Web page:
Susanne Luise (Eller) Partsch was born in Budingen, Germany on December 4, 1722. Her father, Johann Just Eller, a slate roofer for the court of Count Ernst Casimir, passed away before she was born. Susanne’s troubled childhood began when her mother married a violent man, before she turned seven years of age. The court removed her from her mother and step-father to be placed with the Bailiff Schubert and his wife in Meerholz. Susanne remained with the Schuberts until she was eighteen. 


     Susanne left the home of the Schuberts to work as a cook for a government counsellor named Schmidt. She came to know the Moravian group at the near by settlement of Herrnhut. Susanne was received into their congregation, in 1744. Within the year, she married her husband, twenty-five year old Georg Partsch, a fellow Moravian. They were joined in wedlock on the same day as twenty-three other Moravian couples from the congregation. The couple joined the Second Sea Congregation, which included as passengers the other twenty-three newly married couples. They set sail on the ship “Little Strength” to New York on November 26, 1744. The voyage took eighty-seven days. The group arrived in Bethlehem on December 6, 1744. In January of the next year, Susanne and Georg were assigned to the community in Nazareth. 


     On November 18,1755, the congregation elders requested that Georg and Susanne join the Indian Mission at Gnadenhutten on the Mahony creek, (near Lehighton). Susanne served as the cook for the group of fifteen plus an infant. Six days after their arrival the missionaries were attacked by hostile Indians. As the missionaries sat together finishing their evening meal, the settlement’s dogs began barking, warning the group of the approach of strangers. Soon the group heard voices and footsteps outside. One of the missionaries, Martin Nitschmann, opened the door and was shot dead on the spot. A volley of musket balls were fired into the dwelling, killing or grazing four more men. The remaining missionaries ran up the stair to the attic. One woman, Susanna Nitschman, was shot on the stairs. She fell backwards and was captured by the attackers. The rest of the group barricaded themselves in the attic with furniture. Not able to get past the barricade the assailants fired their guns into the floor of the attic and up at the roof. Their final act was to set the house on fire. Only five missionaries survived that night. Susanna Nitschman died several months later, still in captivity. Susanne and Georg both jumped out windows separately and made it to safety. However neither knew if the other had survived until a chance meeting the next day. The attackers, twelve Shawnee Indians, proceeded to raid the food, butchered sixty cattle and set all the buildings on fire in the settlement.


     This party of Shawnee raiders were allies of the the French government. The French and Indian War had begun in May of 1754 when the French and British fought over an American land dispute in the Pittsburgh area. The French recruited the assistance of several tribes in the Great Lakes region. In 1758 the Treaty of Easton ended local hostilities when the Pennsylvania government promised the tribes of Pennsylvania and Ohio land in exchange for their neutrality. The war in North America officially ended with the signing of the Treaty of Paris on February 10, 1763.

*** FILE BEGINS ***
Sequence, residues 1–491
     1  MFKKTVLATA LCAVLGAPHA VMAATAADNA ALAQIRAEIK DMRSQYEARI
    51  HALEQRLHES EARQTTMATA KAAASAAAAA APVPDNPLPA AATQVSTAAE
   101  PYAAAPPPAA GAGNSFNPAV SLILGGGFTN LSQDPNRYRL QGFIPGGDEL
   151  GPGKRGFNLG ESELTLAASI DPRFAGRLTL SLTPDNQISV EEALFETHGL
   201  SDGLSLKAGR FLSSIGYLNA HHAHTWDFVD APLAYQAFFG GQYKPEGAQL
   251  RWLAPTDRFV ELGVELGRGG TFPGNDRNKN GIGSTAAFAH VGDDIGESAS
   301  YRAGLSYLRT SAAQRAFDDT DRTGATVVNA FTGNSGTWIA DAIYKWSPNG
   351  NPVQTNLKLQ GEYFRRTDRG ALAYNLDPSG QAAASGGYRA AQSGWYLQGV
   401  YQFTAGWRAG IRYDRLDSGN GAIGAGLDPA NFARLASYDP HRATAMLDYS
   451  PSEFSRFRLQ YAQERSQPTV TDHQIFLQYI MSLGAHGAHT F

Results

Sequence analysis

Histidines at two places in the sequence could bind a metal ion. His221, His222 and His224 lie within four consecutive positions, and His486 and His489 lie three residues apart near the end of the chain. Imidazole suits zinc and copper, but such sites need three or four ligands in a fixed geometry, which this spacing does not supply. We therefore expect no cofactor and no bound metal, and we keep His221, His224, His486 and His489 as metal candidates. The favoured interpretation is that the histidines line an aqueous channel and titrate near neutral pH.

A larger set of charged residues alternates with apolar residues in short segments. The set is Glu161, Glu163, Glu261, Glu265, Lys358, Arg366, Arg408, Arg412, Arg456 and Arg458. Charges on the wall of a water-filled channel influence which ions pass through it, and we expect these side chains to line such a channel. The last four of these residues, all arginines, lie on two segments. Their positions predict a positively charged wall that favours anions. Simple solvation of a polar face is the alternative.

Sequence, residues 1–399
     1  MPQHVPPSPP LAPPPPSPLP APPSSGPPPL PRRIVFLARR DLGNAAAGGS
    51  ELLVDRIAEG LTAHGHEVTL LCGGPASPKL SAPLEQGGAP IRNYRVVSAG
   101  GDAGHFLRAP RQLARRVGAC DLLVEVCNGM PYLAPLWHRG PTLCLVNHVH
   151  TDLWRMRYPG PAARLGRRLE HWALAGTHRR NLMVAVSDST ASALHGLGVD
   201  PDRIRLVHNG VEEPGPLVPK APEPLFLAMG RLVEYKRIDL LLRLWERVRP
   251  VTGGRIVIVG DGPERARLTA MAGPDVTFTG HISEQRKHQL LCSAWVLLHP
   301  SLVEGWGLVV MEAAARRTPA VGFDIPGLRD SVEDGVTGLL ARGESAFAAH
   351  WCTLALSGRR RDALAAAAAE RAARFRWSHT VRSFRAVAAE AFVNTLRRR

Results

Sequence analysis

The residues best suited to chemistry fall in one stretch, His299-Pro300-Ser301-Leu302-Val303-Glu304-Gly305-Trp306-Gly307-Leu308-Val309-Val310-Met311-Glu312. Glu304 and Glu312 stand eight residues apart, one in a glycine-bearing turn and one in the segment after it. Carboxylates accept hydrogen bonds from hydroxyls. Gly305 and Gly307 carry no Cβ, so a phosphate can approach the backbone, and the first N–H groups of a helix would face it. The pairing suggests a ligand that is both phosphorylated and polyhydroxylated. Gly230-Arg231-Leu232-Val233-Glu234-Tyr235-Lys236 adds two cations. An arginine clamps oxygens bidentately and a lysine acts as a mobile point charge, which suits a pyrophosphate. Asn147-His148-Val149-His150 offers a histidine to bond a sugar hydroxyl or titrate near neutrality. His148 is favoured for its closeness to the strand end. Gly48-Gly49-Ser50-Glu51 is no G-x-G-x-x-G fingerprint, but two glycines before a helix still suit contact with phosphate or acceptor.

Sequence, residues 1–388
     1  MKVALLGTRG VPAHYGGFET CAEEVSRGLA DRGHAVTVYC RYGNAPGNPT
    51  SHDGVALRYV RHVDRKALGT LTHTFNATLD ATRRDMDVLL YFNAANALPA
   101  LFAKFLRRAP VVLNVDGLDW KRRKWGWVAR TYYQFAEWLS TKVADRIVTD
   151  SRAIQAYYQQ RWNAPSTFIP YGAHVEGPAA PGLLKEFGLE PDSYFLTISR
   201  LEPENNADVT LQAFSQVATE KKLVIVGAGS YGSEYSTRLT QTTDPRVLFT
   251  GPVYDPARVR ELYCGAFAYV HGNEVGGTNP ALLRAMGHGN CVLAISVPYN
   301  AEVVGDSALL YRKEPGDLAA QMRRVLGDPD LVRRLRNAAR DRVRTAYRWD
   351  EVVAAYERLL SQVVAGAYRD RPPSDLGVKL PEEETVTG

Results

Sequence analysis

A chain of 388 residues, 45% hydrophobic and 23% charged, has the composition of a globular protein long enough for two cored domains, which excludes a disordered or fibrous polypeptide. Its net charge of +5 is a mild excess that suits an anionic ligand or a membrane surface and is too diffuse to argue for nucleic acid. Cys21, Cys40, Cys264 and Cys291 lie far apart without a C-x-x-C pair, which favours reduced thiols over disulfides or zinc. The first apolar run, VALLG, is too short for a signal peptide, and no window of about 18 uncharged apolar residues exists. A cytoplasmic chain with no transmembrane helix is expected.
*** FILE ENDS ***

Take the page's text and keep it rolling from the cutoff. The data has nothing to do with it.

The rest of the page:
After escaping the fire, Susanne Partsch ran toward the Lehigh river. She had only arrived a few days before the attack so she was not familiar with the area. She hid herself in a hollow tree until the next morning. She came upon Georg who had just returned from warning the inhabitants of New Gnadenhutten, across the river (the location of Weisport today). That settlement had been built the year before and housed thirty to forty Moravian Native Americans.


     Bethlehem was considered the largest town at the edge of the frontier. When the news of the Indian attacks spread, hundreds of frightened European settlers rushed to Bethlehem for protection.The town’s people built a palisade fence,15 feet high, around the town. Two watch towers were erected, built of logs. Susanne and Georg were among the people who made their way to Bethlehem for protection. Susanne fell ill upon arriving there but was nursed back to health a few weeks later. 


     In 1761, the church elders once again requested that the Partsches continue their missionary work. This time they traveled to St. Thomas, where they remained for a year before returning to Bethlehem. Between residing in America and St. Thomas, the Partsches had six children. Georg passed away in 1765, at age 46, and was buried in God’s Acre. Susanne continued her work in the Congregation kitchen until 1772 when she moved into the single women’s house. She suffered from tuberculosis in her later years but died peacefully on February 1, 1795 at 73 years of age. She also was buried in God’s Acre.


     In 1905, six thousand people gathered in Lehighton, 150 years after the brutal killing of the missionaries at Gnadenhutten.  The Moravian Historical Society arranged the memorial service to honor these missionaries. Also in attendance that day were sixteen descendants of the Gnadenhutten missionaries including J. Samuel Krause, Harry J. Meyers and Mary Krause Henry, descendants of Georg and Susanne Partsche.